Wash clothing with hot water for a truly effective wash.
FICTION — Heating the water for laundry makes up about 90% of the energy used for washing clothes in a conventional top-load washer. Older washing machines heat up to 40 gallons of water, a major drain on energy. Cut out the hot water and you've got yourself some major savings. Using warm and cold water can be just as effective and can slash your energy use in half or more. Other ways to save: wash only full loads and switch to an energy-efficient front-loading washer.
CARS AND FUEL
It's better to fill your gas tank halfway than full because the full tank weighs down the car and is less fuel efficient.
FACT — The lighter your car, the better the fuel economy; which is why a half-full tank of gasoline makes your car run more efficiently. But according to AAA, the degree of savings is negligible. But, if you are a pack rat, you might actually see more savings if you ditched all the junk in the trunk, like your golf clubs, camping equipment, and other random pile ups.
FACT — "It's one of those esoteric gas saving tips," said Robert Sinclair Jr. of AAA. It has the same cooling effect as wearing light colored clothing in hot weather. The lighter colors reflect the heat, whereas dark vehicles absorb heat and require more air conditioning to cool down.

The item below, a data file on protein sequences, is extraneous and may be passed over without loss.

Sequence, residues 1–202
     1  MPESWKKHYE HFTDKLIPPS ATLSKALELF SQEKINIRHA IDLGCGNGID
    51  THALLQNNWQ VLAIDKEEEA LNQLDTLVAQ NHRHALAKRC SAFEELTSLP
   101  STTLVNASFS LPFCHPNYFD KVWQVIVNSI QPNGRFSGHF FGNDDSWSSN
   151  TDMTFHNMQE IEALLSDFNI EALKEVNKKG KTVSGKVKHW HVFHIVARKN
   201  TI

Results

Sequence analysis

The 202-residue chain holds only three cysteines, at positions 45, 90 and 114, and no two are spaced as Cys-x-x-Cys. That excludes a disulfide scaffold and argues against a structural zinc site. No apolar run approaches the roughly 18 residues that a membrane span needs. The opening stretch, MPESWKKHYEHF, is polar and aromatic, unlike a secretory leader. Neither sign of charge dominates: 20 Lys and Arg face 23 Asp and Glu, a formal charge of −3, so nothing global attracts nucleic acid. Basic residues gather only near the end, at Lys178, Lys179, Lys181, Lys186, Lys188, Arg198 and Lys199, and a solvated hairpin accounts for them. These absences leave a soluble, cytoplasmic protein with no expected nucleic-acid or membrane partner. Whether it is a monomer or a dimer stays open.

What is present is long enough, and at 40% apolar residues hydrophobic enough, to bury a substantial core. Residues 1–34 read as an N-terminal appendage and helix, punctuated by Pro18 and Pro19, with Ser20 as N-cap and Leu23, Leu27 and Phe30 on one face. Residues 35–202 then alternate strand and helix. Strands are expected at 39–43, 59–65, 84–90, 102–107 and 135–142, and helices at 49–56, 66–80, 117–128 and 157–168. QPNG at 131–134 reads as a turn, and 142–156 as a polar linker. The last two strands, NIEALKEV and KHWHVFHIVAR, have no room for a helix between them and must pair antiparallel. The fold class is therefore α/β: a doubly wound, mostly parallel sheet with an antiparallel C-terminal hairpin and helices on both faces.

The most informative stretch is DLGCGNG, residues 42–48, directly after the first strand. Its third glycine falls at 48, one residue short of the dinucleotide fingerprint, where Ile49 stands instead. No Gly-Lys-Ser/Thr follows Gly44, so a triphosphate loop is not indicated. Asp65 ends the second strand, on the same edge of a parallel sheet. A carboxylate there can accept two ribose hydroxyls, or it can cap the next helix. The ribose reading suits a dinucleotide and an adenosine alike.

AROUND THE HOUSE
If you live in a warm climate, paint your house a light color.
FICTION — While the light-color theory applies to cars, it does not entirely work for houses. A light-colored roof helps dial back the temperature in a home's attic by reflecting sunlight, but insulation is the key factor when it comes to energy savings. The paint color chosen for the sides of the house don't make much of a difference. To really cool down your digs, focus on proper insulation and planting thicker foliage to block the sun's rays.
Shut the door and vents in unused rooms.
FACT — This works only if you close the doors and vents in multiple rooms. If you only apply this strategy to one room, you won't reap a whole lot of savings.
Leave the heating or cooling system on all day. If you shut it down when you're away, the system needs a surge of energy to reach the desired temperature.
FICTION — Switching the thermostat off when you go to sleep or leave for the day will boost energy savings. Sure, it will suck up a little more energy as it works to bring the temperature back to your desired level, but less energy is used during the down times.
The longer you sweat out those hot summer days or bundle up in the winter while your thermostat is switched off, the more you can shave away at your energy bill. When the system in action, the Edison Institute recommends holding back a degree or two, as you will realize a 2% savings on your bill for every degree you cut back. Of course, this only works if you are doing that on a consistent basis.